Sweden’s Prime Minister, Goran Persson, has attacked an ambitious project to build a 750-mile gas pipeline beneath the Baltic Sea as a potential ecological disaster. Despite his comments the £3.4bn pipeline project –called the North European Gas Pipeline or NEPG – is going ahead. The scheme, a joint venture between Russia’s Gazprom and Germany’s BASF and E.ON, has the approval of President Vladimir Putin and the former German chancellor Gerhard Schröder, who is now chairman of the consortium’s shareholders’ committee.
Russia says the project is vital for Europe’s future energy needs. The pipeline is expected to carry billions of cubic metres of Siberian gas to Germany, the UK, the Netherlands, Belgium and France, when it opens in 2010.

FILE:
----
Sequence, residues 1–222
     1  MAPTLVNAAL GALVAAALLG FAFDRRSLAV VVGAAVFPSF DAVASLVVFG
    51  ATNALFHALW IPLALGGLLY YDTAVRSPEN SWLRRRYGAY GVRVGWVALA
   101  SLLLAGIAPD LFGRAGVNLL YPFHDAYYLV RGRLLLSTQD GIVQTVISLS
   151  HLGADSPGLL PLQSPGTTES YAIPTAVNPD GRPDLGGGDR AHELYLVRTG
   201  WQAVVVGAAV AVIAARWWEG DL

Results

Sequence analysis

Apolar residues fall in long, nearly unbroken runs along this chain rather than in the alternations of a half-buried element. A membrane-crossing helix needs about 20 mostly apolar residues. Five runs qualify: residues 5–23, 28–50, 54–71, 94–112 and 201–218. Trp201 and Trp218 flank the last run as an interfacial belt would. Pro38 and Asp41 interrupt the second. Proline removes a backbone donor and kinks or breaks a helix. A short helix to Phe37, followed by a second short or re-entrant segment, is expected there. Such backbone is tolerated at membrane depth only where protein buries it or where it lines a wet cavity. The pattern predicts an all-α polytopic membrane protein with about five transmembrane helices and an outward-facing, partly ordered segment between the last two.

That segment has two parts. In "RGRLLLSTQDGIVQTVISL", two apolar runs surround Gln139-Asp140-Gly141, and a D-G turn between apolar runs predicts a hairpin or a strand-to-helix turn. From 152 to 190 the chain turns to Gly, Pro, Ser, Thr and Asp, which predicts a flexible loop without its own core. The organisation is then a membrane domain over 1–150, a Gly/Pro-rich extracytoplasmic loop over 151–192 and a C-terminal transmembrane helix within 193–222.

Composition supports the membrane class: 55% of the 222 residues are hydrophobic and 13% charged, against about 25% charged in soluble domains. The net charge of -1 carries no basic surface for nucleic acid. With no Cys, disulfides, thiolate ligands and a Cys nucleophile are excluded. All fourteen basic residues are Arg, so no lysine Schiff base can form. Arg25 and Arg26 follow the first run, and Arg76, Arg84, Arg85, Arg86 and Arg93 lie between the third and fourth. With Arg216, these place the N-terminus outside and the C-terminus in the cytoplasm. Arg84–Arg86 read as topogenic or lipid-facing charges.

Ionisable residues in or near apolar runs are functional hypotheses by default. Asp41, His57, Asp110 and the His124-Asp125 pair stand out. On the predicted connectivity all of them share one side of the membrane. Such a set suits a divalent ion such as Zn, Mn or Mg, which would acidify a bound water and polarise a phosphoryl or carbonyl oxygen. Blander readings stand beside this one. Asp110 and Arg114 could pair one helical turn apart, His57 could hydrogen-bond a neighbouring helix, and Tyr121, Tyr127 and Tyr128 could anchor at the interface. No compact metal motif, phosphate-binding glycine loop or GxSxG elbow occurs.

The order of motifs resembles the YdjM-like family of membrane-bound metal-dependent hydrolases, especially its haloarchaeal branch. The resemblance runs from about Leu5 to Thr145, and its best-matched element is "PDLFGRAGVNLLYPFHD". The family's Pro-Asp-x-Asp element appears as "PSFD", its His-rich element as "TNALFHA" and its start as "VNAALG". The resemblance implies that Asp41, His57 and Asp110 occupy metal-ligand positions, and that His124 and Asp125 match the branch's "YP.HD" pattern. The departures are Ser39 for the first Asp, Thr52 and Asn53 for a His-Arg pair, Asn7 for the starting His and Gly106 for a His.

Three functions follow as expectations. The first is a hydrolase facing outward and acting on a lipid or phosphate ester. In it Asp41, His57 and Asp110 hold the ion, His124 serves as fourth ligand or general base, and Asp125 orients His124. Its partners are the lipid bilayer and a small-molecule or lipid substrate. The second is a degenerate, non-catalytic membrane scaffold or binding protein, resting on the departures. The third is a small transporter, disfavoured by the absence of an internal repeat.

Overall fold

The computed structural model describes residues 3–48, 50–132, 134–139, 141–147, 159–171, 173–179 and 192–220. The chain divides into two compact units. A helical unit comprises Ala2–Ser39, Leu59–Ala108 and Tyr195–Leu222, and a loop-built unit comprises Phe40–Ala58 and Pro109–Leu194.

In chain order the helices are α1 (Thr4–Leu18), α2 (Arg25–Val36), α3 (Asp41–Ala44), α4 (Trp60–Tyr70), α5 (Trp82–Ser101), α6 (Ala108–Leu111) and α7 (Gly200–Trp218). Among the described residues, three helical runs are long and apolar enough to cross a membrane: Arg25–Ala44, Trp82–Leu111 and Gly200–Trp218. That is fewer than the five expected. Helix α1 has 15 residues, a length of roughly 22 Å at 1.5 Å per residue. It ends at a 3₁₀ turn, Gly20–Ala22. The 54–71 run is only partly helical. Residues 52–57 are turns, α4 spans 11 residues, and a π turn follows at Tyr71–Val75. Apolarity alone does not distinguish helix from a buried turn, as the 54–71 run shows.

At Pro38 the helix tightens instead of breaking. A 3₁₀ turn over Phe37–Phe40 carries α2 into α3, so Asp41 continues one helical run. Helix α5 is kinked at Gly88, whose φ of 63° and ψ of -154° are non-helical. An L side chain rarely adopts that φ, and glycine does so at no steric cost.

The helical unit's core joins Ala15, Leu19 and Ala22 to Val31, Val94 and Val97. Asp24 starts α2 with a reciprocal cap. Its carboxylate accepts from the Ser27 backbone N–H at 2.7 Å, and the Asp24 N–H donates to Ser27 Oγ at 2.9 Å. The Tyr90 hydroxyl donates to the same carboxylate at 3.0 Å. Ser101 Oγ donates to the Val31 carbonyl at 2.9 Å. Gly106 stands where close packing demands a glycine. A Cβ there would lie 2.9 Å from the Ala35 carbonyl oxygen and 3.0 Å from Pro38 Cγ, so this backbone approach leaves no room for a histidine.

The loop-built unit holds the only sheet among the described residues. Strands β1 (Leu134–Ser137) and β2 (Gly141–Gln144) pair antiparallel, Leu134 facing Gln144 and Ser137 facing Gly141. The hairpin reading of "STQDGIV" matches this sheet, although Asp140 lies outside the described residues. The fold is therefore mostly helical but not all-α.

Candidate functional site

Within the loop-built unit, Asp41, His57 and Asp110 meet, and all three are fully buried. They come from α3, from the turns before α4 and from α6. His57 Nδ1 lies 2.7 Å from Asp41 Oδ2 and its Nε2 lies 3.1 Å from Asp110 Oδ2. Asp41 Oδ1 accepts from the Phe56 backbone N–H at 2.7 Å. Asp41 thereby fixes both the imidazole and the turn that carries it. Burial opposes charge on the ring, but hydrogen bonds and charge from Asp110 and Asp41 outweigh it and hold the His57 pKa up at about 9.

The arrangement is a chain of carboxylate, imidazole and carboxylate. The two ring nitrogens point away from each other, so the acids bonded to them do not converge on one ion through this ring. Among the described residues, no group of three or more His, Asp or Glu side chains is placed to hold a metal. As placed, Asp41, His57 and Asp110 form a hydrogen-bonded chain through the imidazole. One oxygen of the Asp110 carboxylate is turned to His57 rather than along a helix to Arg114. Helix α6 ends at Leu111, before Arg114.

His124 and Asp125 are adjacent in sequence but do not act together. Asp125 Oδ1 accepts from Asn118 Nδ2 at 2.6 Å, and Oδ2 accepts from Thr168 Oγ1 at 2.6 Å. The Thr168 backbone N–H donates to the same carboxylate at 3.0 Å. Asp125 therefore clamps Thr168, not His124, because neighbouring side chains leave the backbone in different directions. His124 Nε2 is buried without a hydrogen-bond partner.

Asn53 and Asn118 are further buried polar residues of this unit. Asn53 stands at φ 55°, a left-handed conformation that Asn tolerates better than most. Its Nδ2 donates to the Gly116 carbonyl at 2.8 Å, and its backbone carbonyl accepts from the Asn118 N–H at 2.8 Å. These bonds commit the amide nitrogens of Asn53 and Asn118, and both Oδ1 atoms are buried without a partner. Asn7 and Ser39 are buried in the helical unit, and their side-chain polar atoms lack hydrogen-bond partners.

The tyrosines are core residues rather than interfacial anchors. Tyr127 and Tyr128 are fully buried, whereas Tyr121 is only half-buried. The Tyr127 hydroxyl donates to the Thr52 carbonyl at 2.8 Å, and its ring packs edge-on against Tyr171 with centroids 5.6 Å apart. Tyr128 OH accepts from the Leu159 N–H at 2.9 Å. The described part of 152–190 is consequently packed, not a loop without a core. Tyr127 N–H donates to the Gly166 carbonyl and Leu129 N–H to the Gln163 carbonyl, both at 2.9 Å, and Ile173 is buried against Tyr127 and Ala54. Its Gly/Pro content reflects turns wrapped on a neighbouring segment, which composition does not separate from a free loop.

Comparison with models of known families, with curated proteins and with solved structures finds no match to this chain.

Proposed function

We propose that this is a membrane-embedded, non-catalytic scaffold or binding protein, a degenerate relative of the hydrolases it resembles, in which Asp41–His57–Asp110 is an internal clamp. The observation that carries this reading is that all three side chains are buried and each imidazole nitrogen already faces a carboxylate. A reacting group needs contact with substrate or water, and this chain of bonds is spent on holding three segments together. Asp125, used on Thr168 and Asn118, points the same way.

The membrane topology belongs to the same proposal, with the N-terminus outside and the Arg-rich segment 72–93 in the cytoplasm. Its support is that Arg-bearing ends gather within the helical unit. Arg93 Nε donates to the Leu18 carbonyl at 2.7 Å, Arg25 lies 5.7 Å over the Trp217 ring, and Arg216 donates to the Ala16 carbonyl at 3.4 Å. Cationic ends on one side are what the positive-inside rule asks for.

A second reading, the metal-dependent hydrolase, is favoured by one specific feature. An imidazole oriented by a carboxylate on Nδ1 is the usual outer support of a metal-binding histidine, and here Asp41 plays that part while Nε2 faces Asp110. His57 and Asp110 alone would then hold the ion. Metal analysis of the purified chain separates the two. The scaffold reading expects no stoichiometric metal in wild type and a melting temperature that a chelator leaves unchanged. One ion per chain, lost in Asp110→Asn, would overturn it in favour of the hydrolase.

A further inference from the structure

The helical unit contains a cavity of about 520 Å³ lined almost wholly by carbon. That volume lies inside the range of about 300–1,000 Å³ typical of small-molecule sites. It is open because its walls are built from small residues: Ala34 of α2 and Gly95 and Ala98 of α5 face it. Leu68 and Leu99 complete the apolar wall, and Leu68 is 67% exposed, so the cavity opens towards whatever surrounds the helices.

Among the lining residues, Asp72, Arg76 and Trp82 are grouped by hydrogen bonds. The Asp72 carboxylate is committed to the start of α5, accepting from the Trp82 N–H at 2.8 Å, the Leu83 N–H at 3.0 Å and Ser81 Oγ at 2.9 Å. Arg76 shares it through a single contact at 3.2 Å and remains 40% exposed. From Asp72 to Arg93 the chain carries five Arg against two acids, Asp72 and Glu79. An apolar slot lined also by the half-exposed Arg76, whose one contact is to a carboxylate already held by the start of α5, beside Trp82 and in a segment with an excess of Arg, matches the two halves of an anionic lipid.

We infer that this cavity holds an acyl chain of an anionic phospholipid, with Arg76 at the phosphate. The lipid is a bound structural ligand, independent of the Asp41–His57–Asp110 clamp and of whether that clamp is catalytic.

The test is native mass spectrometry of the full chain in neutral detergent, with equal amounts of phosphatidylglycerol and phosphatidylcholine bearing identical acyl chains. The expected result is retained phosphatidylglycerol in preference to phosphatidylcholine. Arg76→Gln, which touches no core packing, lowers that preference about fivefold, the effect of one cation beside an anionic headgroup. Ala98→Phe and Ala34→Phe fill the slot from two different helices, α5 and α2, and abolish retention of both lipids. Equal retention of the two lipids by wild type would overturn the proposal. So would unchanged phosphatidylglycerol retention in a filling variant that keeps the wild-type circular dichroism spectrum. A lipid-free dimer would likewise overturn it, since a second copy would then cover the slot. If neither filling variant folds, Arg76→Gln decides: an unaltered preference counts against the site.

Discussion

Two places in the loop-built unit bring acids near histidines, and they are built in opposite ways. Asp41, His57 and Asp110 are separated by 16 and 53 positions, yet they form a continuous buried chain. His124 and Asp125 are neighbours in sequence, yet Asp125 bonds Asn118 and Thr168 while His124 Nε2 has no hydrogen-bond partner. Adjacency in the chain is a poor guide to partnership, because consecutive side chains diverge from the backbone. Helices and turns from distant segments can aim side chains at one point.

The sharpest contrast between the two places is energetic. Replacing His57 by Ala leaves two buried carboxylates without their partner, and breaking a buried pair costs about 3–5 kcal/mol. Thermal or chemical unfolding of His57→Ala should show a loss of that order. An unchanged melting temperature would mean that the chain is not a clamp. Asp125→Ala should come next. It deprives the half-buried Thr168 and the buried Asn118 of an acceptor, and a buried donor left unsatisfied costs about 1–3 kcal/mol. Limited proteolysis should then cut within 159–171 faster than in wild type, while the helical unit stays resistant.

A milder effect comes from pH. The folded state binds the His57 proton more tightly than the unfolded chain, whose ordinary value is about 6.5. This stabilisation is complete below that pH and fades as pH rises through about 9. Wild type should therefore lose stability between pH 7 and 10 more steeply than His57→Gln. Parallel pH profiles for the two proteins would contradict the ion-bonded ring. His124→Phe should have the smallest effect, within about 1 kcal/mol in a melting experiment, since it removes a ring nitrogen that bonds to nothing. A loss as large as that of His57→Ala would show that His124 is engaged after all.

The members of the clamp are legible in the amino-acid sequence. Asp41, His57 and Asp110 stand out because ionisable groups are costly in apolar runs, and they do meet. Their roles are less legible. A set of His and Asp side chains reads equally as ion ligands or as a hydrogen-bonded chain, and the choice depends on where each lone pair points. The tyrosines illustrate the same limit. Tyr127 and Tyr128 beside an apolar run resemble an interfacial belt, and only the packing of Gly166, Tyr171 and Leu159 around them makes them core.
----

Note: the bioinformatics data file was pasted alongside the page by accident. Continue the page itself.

But Mr Persson said that construction would stir up a deadly cocktail of chemicals deposited after the Second World War. “When you build such a large pipeline on the bottom of the Baltic Sea, you stir up a lot of sediment at the bottom, where there are mines, poisons and other things that have been dumped over decades,” he said. “You risk setting off a major environmental disturbance on top of all the other environmental problems the Baltic Sea has.”
He wants the consortium building the NEGP to consider putting most of the pipeline on land instead.
Fat chance of that happening.